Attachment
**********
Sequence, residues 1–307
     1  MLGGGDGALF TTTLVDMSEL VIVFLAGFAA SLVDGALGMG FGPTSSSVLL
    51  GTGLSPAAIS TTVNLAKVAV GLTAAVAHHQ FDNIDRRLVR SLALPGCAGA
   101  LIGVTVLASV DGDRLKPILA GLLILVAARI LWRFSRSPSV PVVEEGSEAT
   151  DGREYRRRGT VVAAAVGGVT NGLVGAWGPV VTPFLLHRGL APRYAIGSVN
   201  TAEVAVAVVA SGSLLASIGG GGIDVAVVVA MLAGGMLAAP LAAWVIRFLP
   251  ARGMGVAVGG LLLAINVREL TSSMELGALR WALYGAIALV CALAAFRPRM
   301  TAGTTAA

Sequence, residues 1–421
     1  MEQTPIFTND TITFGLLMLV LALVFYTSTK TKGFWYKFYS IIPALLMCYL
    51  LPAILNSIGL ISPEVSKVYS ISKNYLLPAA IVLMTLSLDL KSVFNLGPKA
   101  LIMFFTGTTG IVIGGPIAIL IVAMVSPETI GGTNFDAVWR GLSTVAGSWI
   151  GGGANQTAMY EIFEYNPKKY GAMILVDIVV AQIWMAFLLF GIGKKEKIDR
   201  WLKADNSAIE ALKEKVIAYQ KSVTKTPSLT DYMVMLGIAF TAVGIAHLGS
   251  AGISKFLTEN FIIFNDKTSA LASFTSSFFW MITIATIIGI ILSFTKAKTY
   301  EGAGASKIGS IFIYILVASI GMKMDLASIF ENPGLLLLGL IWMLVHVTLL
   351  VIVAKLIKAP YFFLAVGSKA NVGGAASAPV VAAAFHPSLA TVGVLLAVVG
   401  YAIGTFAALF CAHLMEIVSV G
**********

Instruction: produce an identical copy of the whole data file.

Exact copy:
Sequence, residues 1–307
     1  MLGGGDGALF TTTLVDMSEL VIVFLAGFAA SLVDGALGMG FGPTSSSVLL
    51  GTGLSPAAIS TTVNLAKVAV GLTAAVAHHQ FDNIDRRLVR SLALPGCAGA
   101  LIGVTVLASV DGDRLKPILA GLLILVAARI LWRFSRSPSV PVVEEGSEAT
   151  DGREYRRRGT VVAAAVGGVT NGLVGAWGPV VTPFLLHRGL APRYAIGSVN
   201  TAEVAVAVVA SGSLLASIGG GGIDVAVVVA MLAGGMLAAP LAAWVIRFLP
   251  ARGMGVAVGG LLLAINVREL TSSMELGALR WALYGAIALV CALAAFRPRM
   301  TAGTTAA

Sequence, residues 1–421
     1  MEQTPIFTND TITFGLLMLV LALVFYTSTK TKGFWYKFYS IIPALLMCYL
    51  LPAILNSIGL ISPEVSKVYS ISKNYLLPAA IVLMTLSLDL KSVFNLGPKA
   101  LIMFFTGTTG IVIGGPIAIL IVAMVSPETI GGTNFDAVWR GLSTVAGSWI
   151  GGGANQTAMY EIFEYNPKKY GAMILVDIVV AQIWMAFLLF GIGKKEKIDR
   201  WLKADNSAIE ALKEKVIAYQ KSVTKTPSLT DYMVMLGIAF TAVGIAHLGS
   251  AGISKFLTEN FIIFNDKTSA LASFTSSFFW MITIATIIGI ILSFTKAKTY
   301  EGAGASKIGS IFIYILVASI GMKMDLASIF ENPGLLLLGL IWMLVHVTLL
   351  VIVAKLIKAP YFFLAVGSKA NVGGAASAPV VAAAFHPSLA TVGVLLAVVG
   401  YAIGTFAALF CAHLMEIVSV G